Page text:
In what appears to be the first such lawsuit of its kind, a nonprofit health insurer has sued the Trump administration for not making cost-sharing reduction payments to insurers.
In its complaint, Maine Community Health Options accuses the government of violating its obligation to reimburse insurers for the subsidies, which it said is required by both the Affordable Care Act and an “implied-in-fact” contract. The insurer is seeking damages in the form of $5.6 million in CSR payments that it estimates the government owes it for benefit year 2017.
CSRs—which help decrease out-of-pocket healthcare costs for low-income ACA exchange enrollees— have been at the center of a politically tinged legal battle since 2014. That’s when the Republican-controlled House sued the Obama administration on the grounds that funding for the subsidies was never appropriated by Congress.
A federal judge sided with the House, but the payments continued while the Obama administration appealed—and when that appeals case was put on hold after President Donald Trump took office. His administration made the payments on a month-to-month basis until deciding to stop them in October.
Following that decision, the parties in the CSR case—then known as House v. Hargan—reached a settlement that effectively ended the legal dispute over whether the subsidies were unconstitutionally funded. While that outcome didn’t much affect insurers, which largely accounted for the end of CSRs in their 2018 rate filings, health plans remain unreimbursed for in the last three months of 2017.
And that is the crux of Maine Community Health Options’ complaint against the government. The insurer—one of the few remaining consumer operated and oriented plans—said it agreed to sell ACA exchange plans in 2017 “with the express understanding” that the government would make good on its obligation to reimburse it for CSRs.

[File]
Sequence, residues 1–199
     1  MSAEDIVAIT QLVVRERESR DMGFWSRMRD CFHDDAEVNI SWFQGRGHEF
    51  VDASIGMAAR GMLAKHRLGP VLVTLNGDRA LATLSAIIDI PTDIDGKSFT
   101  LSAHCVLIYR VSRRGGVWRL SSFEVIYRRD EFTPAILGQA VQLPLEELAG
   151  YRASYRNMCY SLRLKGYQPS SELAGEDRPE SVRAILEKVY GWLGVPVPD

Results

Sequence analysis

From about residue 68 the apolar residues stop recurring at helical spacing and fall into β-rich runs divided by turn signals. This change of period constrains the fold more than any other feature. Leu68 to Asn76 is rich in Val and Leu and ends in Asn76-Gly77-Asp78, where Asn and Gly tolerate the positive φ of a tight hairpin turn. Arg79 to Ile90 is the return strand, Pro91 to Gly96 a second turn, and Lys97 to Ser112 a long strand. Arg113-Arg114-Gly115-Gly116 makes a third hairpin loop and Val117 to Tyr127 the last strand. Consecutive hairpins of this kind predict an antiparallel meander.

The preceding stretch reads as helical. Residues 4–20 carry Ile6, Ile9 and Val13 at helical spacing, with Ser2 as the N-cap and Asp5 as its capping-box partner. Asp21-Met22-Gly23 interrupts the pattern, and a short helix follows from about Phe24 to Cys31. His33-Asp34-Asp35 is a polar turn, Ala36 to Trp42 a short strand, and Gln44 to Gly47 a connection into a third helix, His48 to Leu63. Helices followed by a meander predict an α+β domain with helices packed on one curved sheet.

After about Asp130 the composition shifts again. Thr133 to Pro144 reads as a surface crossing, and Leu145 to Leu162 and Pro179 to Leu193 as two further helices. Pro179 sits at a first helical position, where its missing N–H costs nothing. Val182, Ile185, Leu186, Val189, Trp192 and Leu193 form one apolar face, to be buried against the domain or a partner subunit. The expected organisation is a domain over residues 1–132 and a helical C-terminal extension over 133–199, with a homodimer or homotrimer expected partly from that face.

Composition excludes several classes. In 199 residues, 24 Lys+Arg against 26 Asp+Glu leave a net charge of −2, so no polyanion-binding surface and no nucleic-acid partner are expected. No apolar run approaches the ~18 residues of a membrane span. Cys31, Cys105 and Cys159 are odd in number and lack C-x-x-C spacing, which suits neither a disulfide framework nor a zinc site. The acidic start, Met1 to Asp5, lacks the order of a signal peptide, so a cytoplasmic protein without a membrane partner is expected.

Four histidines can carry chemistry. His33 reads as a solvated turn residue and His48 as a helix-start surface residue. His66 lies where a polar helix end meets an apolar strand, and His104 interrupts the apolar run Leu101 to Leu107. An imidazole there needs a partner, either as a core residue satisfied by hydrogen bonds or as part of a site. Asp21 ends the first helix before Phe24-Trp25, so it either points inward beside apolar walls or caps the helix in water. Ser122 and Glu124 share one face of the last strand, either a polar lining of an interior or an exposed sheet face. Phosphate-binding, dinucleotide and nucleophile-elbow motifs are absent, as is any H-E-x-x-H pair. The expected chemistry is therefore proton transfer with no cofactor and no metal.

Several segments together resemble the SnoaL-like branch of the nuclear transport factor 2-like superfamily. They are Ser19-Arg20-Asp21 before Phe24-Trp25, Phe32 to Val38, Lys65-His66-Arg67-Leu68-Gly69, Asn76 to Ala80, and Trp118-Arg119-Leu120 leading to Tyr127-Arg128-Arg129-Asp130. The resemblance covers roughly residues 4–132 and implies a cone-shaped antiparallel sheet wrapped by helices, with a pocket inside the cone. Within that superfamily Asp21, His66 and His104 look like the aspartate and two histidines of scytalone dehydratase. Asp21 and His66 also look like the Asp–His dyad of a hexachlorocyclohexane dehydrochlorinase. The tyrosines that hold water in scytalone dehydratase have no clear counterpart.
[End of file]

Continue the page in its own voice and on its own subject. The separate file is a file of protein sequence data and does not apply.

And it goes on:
“It was not until October 12, 2017—over a year after Health Options had committed itself irrevocably to the 2017 exchange—that the government first announced that it would not make CSR payments for the remainder of the 2017 benefit year,” the complaint noted.
The insurer also argued that “regardless of whether Congress appropriated sufficient funds to HHS to make the CSR payments, the government’s statutory obligation to make such payments, and plaintiff’s right to those payments, remain.”
This appears to be the first case brought by an insurer challenging the Trump administration’s actions on CSRs, health policy expert Katie Keith wrote in a Health Affairs Blog post. It is possible, though, that other insurers could follow Maine Community Health Options’ lead and file similar suits.